Top Ten Plants for Fall Colour

Garden Clippings for October 3, 2020

A few evenings ago, I took a gallop through Wawanosh Wetlands and the Suncor Nature Way.  I have not been there in months and was particularly stuck by the colours that early fall triggers.  For those interested in bringing fall colour into their landscapes, here is my top-ten list of superb fall coloured plants.

  1. Burning Bush: This gem really lives up to its name, with green leaves that turn scarlet in October and persisting into November.   Colour is most vibrant if planted in full sun.  During spring and fall, Burning Bush is a large growing dense bush with plain green leaves.  For home gardens, choose a dwarf Burning Bush variety.
  2. Sugar Maple: This native tree is what fall drives through Northern Ontario are made of.  Colour ranges from yellow to orange to red.  Sugar Maple is highly adaptable and grows easily in both light and heavy soil.  The tree becomes quite large, up to 75 feet high, but is in no hurry to do so.
  3. Autumn Fantasy and Autumn Blaze Maple. These Maples are among a larger selection of Maple cultivars that have been selected for their suitability in home gardens.  Highly adaptable, and willing to grow in any soil conditions, these Maples have brilliant red fall colour.  Trees are straight and have a tidy canopy.
  4. Japanese Maples: Almost all varieties of Japanese Maples have exceptional fall colour.  Many, such as the popular ‘Bloodgood’ have red leaves throughout the growing season with red colour being most vibrant early in spring, then slowly losing some luster as the season progresses.  Japanese Maples put on a second show in October.  Japanese Maples do not become large, making them a favorite ornamental plant for home gardens.
  5. Sumac: This plant has questionable value for home gardens because of its eventual size.  The large spreading shrub with a growth habit like raspberry plants can become 20 feet high with even more width.  For a scaled down, well-behaved version, look for ‘Tiger Eye’ Sumac with golden leaves that escalate into brilliant yellow to orange beginning in later October.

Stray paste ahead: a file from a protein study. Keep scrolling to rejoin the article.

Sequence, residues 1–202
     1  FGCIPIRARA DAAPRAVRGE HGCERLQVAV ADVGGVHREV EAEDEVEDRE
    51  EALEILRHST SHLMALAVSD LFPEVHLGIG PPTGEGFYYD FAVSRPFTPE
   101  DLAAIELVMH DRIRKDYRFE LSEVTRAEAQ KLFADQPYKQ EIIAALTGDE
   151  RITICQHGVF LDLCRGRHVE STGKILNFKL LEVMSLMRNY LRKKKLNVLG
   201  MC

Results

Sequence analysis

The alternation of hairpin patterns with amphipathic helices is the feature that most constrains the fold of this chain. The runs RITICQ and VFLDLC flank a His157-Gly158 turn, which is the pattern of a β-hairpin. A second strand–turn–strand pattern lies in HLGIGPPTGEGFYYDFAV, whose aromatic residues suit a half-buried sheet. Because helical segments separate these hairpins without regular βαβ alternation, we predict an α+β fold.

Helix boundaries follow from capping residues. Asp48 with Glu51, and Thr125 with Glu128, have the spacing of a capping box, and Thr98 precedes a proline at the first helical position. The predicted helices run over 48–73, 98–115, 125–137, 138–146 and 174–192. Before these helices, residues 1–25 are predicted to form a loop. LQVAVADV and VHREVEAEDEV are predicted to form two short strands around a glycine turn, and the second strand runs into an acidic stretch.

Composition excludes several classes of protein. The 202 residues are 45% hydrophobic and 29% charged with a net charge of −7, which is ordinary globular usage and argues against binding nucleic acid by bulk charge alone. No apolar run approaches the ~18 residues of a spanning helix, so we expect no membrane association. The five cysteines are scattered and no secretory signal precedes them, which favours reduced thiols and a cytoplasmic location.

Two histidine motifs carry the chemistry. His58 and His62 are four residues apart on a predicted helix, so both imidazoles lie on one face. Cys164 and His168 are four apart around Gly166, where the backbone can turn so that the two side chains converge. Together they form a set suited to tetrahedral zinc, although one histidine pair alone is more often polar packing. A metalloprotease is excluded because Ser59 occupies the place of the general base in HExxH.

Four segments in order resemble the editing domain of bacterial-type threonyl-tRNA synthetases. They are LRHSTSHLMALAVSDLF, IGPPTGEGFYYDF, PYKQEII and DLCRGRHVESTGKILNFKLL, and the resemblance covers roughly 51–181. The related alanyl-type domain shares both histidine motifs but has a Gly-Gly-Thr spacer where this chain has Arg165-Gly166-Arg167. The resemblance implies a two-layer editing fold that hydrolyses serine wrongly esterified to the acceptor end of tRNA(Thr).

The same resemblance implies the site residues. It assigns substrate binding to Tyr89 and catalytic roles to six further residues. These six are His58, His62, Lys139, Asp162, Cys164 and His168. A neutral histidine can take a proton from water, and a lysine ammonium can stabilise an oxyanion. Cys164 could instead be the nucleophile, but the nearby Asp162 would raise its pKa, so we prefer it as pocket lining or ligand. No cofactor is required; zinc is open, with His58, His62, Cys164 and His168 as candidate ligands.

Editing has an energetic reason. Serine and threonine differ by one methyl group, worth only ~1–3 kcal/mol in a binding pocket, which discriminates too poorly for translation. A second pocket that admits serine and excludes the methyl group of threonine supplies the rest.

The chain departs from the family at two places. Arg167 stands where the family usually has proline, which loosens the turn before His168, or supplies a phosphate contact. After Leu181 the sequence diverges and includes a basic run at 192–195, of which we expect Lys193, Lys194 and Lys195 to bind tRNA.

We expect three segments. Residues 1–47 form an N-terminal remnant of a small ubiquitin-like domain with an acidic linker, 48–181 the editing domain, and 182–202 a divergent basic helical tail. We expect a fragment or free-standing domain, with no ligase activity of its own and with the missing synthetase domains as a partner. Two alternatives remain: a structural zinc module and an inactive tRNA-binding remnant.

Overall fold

6. Ornamental Kale: This cabbage is lovely to look at but not to be eaten. Leaves are green till late summer when they begin to turn red, pink, and purple.  Easy to grow and pest free, Ornamental Cabbage loves cool weather beginning in late summer and remaining showy until Christmas.
  7. Oak Leaf Hydrangea: A neglected member of the popular Hydrangea family, Oak Leaf is aptly named for its oak shaped leaves.  Leaves are green through the growing season, with white cone shaped flowers appearing in summer.  Leaves are burgundy, maroon, or purple.  Oak Leaf Hydrangeas love shade but will tolerate some sun.
  8. Ornamental Grasses: There are hundreds of varieties of Ornamental Grasses, ranging from the small ‘Blue Fescue’ to the large ‘Skyracer.’ Ornamental Grasses enter springtime slowly, finally putting on a show in mid-summer.  By fall they take centre stage with coloured stems and showy plumes.
  9. Boston Ivy and Virginia Creeper: These cousins are vines that grow up the stone walls of heritage homes and Ivy League schools.  Leaves are dense and green in spring and summer, turning vibrant red in fall.  Choose the right spot for these Ivies because most would find them too aggressive.
  10. Smoke Bush: With its year-round maroon foliage, Smoke Bush is a good substitute for the less reliable Purple Leaf Plum.  Flowers arrive in late summer, resembling puffs of smoke.  Once flowers diminish, leaves put on their own revival in bright colours.  Smoke bush likes sun and needs room to grow.